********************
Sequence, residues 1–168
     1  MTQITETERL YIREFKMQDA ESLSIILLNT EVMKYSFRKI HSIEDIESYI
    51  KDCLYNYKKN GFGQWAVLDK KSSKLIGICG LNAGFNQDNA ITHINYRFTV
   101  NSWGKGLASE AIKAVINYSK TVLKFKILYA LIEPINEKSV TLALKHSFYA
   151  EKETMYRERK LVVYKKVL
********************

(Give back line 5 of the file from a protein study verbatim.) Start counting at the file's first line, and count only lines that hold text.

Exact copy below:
   151  EKETMYRERK LVVYKKVL